Lepley et al. (2011), study conducted an study with the Optotrak 3020H (Northern Digital, Waterloo, Ontario, Canada), determined the masticatory kinematics in participants with class I and defined between 30 and 35 masticatory cycles as being the required number to swallow. A study recently performed by our team using an EMA established that the number of masticatory cycles for young people with class I normal occlusion was between 9 and 24 cycles (Fuentes et al., 2017b). According to our results, a subject with CRP performs between 67 and 90 cycles for a correct crushing of 3.7 g of peanuts, in the group with CRP-P it was between 30 and 104 and for the group with CRP-I it was between 42 and 114. These results are consistent with what has been reported in the literature, where it is indicated that subjects with dental prostheses perform an increased number of masticatory cycles because they have reduced or null peripheral sensitivity due to the loss of the periodontal mechanoreceptors. Consequently, these patients generally develop strategies to overcome the difficulties when chewing by choosing foods that are softer and easier to crush, which is very common in subjects with complete prostheses (Slagter et al., 1993; Woda et al., 2006; N´Gom & Woda, 2002). Hence, it is not uncommon to find that one of the study participants has had difficulties chewing the 3.7 g of peanuts as requested.

In order to analyze the chewing process in subjects with a prosthesis, the mastication area in the frontal and sagittal plane was described for the three groups. In the frontal plane, the smallest area recorded was in the group with CRP-P with19.99 ± 8.11 mm2, while the largest area recorded was found in the group with CRP with 39.22 ± 4.07mm2. In 2014, Goncalvez et al. conducted a study where they evaluated the MM in subjects with removable complete and partial prostheses using kinesiography, and described the areas for each type of test food (peanut and Optocal) in the frontal and sagittal plane. In the case of the peanut, an average area in the frontal plane for the subjects with removable complete prostheses was reported as 58.5 ± 32.5 mm2, while for the subjects with removable partial prostheses it was 160.6 ± 52 mm2. For the sagittal plane, our results revealed an area for the group with CRP of 10.9 ± 5.82 mm2 and 9.94 ± 0.56 mm2 for the group with CRP-P, while Goncalvez et al., reported areas of 12.5 ± 2.5mm2 and 17.5 ± 7.5 mm2, respectively. The difference in the results of the two studies could be explained by the type of measuring instrument used, since the kinesiograph, due to its morphological characteristics, can cause alterations in the recordings and restrictions in the movement, inducing possible measurement errors. The EMA, on the other hand, has an accuracy of 0.3 mm described in the literature (Kaburagi et al., 2005) and specified by the manufacturer, and is considered to be a safe and noninvasive way to study human movements (Kuruvilla et al., 2007). Another factor that could affect this difference in the areas of the masticatory cycles is the design of the prosthesis and its condition.

When analyzing the opening speed and comparing it between the study groups (CRP, CRP-P and CRP-I), significant differences were shown between them, with the fastest average speed being for the group with CRP and the slowest for CRP-I, whereas in mandibular closing, there were only significant differences between CRP and CRP-I. This may be due to the group with CRP-P being the one with the greatest data dispersion, and since there is no specific classification of the edentulous areas of this group, it is not possible to establish that this variable distribution in speed is due to the tooth-prosthesis ratio. On the other hand, the average speed of the masticatory cycles for all the groups with prosthetic rehabilitation was greater in mandibular reduction, which agrees with Goncalvez et al., who, using peanut as the test food, assessed the opening and closing speed in subjects with removable complete and partial prostheses. The first group registered maximum speeds of 128.2 ± 43 mm/s and 92.8 ± 26.7 mm/s respectively and the subjects with the removable complete prosthesis was 157.4 ± 35 mm/s and 132.2 ± 37.5 mm/s respectively. These data are greater than those yielded in our study, and this difference in average speeds in the two studies can be explained, as with the results in the areas of the masticatory cycles, by the measuring instrument used, the type and condition of the prostheses. Wilding & Shaikh (1997) complements this with their report that greater speed of mandibular acceleration during opening and closing is associated with a smaller particle size as well as the stabilization of the prosthesis (Wilding & Shaikh; Karlsson & Jemt 1991). A comparison of the opening and closing speed for each group found that there were only significant differences in the groups with CRP and CRP-P, and that the subjects with CRP registered the fastest speeds. These data do not agree with those reported by Jemt et al. (1983) who described subjects with complete prostheses as generally increasing the number of masticatory cycles and reducing the speed of the movements compared to the subjects with removable partial prostheses, who exhibit a faster mastication speed. This disparity in the two studies can be explained by the difference in test foods used, the measuring instrument and the study sample participants.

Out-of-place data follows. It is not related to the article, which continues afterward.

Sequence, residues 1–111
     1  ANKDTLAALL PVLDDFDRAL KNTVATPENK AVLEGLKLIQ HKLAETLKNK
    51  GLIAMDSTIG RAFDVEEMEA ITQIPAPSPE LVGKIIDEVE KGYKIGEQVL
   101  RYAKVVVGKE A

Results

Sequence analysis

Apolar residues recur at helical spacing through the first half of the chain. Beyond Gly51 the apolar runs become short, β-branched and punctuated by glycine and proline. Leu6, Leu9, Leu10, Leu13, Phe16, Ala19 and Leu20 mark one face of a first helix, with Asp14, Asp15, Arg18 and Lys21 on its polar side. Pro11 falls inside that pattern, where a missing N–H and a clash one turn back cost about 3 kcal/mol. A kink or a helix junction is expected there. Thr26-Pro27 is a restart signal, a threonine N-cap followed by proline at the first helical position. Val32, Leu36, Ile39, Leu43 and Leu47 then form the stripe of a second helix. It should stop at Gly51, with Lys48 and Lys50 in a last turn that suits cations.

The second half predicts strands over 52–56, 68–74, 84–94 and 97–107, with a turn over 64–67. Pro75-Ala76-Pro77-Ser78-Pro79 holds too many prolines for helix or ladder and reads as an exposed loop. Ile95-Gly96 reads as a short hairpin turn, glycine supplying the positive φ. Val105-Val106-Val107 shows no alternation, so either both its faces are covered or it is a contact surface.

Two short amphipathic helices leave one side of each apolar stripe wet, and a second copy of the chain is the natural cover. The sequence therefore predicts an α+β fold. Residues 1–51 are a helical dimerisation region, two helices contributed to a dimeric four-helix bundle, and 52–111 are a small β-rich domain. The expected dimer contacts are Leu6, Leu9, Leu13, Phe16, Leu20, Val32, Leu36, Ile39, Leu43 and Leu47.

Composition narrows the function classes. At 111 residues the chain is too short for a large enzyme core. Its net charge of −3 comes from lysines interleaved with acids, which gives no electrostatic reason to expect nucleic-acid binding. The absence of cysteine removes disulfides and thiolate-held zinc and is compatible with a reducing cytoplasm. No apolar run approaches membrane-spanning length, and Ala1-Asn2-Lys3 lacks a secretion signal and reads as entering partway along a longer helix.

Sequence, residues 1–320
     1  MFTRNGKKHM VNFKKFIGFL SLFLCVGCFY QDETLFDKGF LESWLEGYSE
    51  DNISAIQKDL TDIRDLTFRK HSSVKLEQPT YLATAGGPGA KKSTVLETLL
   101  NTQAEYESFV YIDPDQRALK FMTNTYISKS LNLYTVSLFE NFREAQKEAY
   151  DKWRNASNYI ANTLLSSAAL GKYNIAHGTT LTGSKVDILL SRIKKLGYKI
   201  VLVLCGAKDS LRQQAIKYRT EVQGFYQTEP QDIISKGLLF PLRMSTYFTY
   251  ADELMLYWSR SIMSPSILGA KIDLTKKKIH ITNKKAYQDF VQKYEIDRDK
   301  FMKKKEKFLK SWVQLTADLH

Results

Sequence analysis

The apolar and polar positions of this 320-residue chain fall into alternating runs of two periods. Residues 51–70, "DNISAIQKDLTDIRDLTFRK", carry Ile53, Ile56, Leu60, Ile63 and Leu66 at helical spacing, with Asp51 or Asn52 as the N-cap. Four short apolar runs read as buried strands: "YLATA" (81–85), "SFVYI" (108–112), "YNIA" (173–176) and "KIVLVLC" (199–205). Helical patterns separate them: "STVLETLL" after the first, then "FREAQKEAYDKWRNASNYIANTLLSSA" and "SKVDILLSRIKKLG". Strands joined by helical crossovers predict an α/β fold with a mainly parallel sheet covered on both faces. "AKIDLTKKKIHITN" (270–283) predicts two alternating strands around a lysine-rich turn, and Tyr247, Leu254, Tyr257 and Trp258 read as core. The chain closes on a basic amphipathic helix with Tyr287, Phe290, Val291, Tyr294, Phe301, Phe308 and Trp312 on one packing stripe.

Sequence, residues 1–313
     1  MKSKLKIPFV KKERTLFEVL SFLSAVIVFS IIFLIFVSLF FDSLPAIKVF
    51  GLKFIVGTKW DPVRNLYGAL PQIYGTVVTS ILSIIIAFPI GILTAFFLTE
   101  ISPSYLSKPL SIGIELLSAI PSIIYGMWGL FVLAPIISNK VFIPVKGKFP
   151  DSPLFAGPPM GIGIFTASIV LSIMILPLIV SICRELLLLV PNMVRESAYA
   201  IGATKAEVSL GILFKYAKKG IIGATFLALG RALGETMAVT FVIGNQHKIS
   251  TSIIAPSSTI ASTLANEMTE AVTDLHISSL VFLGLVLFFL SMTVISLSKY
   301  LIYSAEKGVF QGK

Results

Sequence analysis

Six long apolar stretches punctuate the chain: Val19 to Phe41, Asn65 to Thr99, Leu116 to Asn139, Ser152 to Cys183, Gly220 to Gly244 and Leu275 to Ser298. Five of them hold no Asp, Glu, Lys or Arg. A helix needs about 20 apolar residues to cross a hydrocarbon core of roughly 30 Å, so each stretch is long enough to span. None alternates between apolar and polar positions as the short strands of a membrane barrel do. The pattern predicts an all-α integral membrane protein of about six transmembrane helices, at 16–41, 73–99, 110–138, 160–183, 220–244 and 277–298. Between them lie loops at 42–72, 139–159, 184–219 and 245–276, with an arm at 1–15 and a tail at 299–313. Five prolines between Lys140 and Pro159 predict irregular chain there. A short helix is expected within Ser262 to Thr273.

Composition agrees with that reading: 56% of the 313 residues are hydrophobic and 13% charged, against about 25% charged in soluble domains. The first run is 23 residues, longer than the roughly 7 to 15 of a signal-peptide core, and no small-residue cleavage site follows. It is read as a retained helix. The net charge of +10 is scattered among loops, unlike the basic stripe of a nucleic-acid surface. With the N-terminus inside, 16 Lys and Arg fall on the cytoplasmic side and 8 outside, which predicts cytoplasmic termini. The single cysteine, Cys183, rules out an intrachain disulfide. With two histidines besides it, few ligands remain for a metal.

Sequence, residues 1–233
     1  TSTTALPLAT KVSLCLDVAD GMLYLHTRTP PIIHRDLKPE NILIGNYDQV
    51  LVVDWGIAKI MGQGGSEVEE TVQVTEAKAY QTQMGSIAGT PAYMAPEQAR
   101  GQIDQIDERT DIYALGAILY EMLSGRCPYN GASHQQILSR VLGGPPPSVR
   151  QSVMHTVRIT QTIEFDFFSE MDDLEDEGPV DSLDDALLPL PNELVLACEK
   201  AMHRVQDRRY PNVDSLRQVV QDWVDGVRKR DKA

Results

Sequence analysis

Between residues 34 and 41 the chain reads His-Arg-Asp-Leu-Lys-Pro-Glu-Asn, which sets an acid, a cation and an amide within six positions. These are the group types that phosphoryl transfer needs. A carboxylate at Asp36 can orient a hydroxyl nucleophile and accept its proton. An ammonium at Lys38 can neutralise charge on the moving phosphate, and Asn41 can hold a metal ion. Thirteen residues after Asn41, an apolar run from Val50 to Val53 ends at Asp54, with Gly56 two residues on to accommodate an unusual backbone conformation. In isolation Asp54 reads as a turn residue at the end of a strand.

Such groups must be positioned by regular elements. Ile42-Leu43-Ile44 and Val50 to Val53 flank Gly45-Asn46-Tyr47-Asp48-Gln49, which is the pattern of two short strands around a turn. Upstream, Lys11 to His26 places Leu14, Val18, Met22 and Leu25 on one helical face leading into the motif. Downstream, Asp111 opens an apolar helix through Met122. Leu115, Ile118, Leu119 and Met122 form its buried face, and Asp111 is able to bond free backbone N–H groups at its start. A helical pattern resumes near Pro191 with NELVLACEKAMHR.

Subjects with dental prostheses, regardless of the type, they showed reduced ranges of motion (border and functional) compared to dentate subjects with no functional alterations whose values have been reported in the literature (Fuentes et al., 2017b). This difference decreases in subjects with CRP-I, who have values closer to those described for young dentate subjects, because this type of prosthesis improves sensory perception, offering greater comfort, stability and retention in those who wear them. According to our results, subjects with dental prostheses also have increased mastication frequency and speed, with smaller and faster masticatory cycles.

ACKNOWLEDGEMENTS

Ramón Fuentes and his research group have received support by the Research Office, Universidad de La Frontera. This work is part of the project DI160049 approved by the Universidad de La Frontera Scientific Ethics Committee (approval number 038/2016).

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Received: March 04, 2019; Accepted: July 22, 2019

*Correspondence to: Email: ramon.fuentes@ufrontera.cl

**

Corresponding author: Prof. Dr. Ramón Fuentes Fernández Research Centre for Dental Sciences Dental School, Universidad de La Frontera Av. Francisco Salazar 1145 Temuco - CHILE